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Why BJP’s relationship with Shiv Sena has grown so bitter

🔴 Girish Kuber writes: The Sena’s blend of regionalism and religion could provide a template for other parties and eat into BJP’s vote bank

Written by Girish Kuber |
Updated: January 28, 2022 9:23:58 am
The answer lies in the BJP’s recent realisation that if allowed to succeed, the Maharashtra model could become a template for other states and regional parties to follow. (C R Sasikumar)

A new war of words between the BJP and the Shiv Sena, partners who once had the longest surviving alliance, has brought an important dimension to the fore in an already heated political field: To halt the BJP’s nationalism agenda, religion coupled with regionalism could come in handy for various regional outfits.

This is the fact that comes out of the recent confrontation between the Shiv Sena and the BJP, triggered by Maharashtra chief minister and Sena chief Uddhav Thackeray’s statement dubbing the BJP’s Hindutva as “phoney”. Of late, his party’s consistent effort has been to paint the BJP as “anti-Maharashtra”. The BJP retaliated in equally strong words with former chief minister Devendra Fadnavis questioning the Sena’s commitment to the Hindu cause, besides questioning its loyalty to the state’s welfare. Having spent two decades together under the saffron flag, one wonders why the two former partners are becoming increasingly bitter about each other. The answer has little to do with the Sena thwarting the BJP’s plan to retain power in the state after the 2019 state assembly election. Neither does it have anything to do with the Sena’s growing ambition and the BJP’s refusal to accept this reality.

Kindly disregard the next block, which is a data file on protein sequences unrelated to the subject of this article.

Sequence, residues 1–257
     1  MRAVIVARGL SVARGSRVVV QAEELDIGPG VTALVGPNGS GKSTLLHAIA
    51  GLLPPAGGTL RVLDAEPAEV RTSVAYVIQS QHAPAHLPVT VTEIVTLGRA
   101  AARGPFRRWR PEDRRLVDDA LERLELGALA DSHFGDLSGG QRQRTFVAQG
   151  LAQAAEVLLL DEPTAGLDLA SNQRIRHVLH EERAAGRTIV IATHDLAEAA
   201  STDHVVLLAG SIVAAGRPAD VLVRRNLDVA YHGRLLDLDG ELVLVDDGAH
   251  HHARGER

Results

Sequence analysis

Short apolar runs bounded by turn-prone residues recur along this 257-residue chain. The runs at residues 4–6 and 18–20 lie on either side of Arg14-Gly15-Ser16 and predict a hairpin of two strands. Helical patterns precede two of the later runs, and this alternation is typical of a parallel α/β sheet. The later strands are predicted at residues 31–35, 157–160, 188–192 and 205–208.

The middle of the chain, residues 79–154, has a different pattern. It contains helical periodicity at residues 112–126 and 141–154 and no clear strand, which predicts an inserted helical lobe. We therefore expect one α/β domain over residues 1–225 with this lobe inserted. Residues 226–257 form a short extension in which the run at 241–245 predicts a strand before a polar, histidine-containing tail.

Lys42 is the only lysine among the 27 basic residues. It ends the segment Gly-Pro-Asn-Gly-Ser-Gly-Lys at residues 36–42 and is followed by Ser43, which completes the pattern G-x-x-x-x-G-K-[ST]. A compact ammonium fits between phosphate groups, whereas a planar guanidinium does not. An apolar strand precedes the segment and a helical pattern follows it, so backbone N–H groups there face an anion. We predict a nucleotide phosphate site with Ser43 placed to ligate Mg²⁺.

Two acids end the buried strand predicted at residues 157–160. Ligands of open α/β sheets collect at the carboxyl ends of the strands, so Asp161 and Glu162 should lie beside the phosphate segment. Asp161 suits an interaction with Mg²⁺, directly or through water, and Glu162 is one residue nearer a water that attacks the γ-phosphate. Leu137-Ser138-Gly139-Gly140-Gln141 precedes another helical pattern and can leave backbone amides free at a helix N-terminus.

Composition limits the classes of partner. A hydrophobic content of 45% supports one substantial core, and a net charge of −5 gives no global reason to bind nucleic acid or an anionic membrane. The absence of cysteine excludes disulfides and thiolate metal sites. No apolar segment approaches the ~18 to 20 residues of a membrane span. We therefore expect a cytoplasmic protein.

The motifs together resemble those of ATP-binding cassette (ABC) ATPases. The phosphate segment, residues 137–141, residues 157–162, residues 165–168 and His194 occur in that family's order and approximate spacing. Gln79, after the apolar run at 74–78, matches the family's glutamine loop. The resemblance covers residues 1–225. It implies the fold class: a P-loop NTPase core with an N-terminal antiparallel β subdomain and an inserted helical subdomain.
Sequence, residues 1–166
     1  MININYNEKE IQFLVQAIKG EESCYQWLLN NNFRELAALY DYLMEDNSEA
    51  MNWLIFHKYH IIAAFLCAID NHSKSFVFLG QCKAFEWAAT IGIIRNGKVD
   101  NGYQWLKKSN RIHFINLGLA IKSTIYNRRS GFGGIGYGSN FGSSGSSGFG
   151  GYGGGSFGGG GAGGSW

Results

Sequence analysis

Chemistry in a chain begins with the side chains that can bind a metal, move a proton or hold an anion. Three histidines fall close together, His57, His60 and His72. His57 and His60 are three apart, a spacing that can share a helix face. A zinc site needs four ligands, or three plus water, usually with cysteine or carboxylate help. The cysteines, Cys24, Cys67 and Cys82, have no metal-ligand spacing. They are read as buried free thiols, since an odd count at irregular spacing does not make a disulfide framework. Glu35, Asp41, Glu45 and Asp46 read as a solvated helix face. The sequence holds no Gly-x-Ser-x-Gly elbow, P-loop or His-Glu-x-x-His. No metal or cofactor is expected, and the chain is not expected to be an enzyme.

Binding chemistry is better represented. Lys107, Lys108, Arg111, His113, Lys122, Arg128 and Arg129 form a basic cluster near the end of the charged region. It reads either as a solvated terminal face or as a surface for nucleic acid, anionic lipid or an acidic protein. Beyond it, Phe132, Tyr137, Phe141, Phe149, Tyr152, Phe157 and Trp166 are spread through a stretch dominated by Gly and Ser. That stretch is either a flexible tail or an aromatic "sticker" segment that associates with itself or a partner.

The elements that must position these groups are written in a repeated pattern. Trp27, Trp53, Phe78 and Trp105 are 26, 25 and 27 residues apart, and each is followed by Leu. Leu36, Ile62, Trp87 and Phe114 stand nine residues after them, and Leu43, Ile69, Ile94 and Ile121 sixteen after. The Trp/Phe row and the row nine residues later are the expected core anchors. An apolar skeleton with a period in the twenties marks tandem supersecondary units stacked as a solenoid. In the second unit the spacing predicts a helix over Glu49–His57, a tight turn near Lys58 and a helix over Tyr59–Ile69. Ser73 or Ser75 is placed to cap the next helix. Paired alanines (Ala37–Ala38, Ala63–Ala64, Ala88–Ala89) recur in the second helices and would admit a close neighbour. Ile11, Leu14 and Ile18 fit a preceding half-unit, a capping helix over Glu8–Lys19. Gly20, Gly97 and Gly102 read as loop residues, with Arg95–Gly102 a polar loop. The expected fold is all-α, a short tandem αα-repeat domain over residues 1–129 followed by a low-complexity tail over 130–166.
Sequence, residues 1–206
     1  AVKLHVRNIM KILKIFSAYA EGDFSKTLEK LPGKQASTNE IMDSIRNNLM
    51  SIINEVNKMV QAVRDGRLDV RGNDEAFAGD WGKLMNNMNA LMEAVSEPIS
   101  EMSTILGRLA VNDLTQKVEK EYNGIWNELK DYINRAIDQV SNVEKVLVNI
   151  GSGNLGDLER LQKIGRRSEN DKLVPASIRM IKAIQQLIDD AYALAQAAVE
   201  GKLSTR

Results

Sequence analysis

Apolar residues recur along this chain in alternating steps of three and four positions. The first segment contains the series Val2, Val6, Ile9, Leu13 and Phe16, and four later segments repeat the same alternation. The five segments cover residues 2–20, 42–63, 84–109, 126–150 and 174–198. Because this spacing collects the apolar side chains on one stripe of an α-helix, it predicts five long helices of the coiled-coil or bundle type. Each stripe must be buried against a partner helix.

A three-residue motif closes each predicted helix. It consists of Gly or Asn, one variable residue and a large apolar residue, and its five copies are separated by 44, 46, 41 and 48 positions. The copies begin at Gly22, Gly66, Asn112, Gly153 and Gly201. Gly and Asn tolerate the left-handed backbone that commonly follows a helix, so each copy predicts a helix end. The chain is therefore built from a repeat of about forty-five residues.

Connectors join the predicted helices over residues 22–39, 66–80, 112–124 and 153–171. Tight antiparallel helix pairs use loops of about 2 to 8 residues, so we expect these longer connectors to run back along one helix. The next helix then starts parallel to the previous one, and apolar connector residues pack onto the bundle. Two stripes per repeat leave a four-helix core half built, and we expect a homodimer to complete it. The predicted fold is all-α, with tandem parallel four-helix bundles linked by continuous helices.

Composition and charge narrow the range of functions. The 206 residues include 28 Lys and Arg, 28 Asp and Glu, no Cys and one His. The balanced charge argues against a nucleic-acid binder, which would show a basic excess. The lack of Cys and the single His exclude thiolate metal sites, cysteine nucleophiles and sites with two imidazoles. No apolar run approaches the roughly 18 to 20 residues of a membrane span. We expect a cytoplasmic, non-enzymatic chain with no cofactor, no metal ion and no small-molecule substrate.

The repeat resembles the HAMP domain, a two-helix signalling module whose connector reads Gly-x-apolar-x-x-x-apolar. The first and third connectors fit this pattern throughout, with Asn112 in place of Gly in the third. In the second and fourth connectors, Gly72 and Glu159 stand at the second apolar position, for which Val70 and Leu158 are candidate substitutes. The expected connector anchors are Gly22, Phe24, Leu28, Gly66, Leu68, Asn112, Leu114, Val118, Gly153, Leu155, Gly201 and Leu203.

The answer lies in the BJP’s recent realisation that if allowed to succeed, the Maharashtra model could become a template for other states and regional parties to follow. In order to counter the BJP’s nationalism, the Sena is trying to portray it as “anti-Maharashtra”. To underline this, the party is using every possible trick, from talking about the BJP’s non-Marathi Mumbai head, Mangal Prabhat Lodha, to painting the BJP’s anti-government agitation in the state on various issues as its bias against Maharashtra. This is the Sena’s deliberate attempt to invoke regional pride to take on the BJP’s national pride.

A year after the Shiv Sena-NCP-Congress alliance made a surprising deal to deprive the BJP of power in Maharashtra, the Delhi and West Bengal assembly elections witnessed similar tactics being used by the Aam Aadmi Party and the Trinamool Congress, respectively. In Delhi, the AAP’s Arvind Kejriwal resorted to singing the Hanuman Chalisa and Mamata chanted the Chandi Path to showcase their Hindu credentials. In both elections, the blend of religion and regionalism neutralised the BJP. In Tamil Nadu, the DMK used a similar tactic to foil the BJP’s plan to make headway in the southern state by piggybacking on the AIADMK.

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Compared to these two, however, the wound inflicted by the Sena is much bigger and deeper and more difficult, if not impossible, to heal. In losing the Sena, the BJP lost not only an ally as well as power in the state of Maharashtra, but it has, perhaps inadvertently, also created a space for another player to stake a claim on what was so far the BJP’s singular hold on the Hindutva pie. The dawning of this truth has made the BJP edgier and its frustration can be seen ahead of the five crucial state assembly polls. It is a challenge that is larger than merely winning or losing one state.